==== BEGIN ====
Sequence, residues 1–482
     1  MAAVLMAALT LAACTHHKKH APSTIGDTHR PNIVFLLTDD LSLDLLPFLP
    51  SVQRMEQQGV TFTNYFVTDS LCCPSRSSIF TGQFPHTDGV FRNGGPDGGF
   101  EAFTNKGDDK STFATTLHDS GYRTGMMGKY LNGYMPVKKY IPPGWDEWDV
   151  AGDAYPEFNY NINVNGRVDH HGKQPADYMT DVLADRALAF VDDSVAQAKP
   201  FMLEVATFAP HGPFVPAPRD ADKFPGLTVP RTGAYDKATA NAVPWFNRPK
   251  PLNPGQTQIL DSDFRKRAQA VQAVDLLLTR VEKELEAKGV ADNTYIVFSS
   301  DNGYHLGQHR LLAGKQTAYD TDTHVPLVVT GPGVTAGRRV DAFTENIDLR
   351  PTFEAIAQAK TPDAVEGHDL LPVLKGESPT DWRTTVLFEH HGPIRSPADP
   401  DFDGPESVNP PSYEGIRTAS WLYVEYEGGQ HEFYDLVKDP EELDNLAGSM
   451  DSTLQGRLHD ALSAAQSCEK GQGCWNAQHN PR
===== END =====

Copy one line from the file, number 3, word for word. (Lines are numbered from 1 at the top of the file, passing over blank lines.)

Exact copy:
    51  SVQRMEQQGV TFTNYFVTDS LCCPSRSSIF TGQFPHTDGV FRNGGPDGGF